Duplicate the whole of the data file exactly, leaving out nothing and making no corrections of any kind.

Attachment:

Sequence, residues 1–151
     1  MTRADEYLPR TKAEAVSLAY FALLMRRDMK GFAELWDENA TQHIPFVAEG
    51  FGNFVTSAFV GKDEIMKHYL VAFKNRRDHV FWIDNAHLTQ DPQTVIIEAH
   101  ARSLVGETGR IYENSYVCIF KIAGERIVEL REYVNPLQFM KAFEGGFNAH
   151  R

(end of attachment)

Sequence, residues 1–151
     1  MTRADEYLPR TKAEAVSLAY FALLMRRDMK GFAELWDENA TQHIPFVAEG
    51  FGNFVTSAFV GKDEIMKHYL VAFKNRRDHV FWIDNAHLTQ DPQTVIIEAH
   101  ARSLVGETGR IYENSYVCIF KIAGERIVEL REYVNPLQFM KAFEGGFNAH
   151  R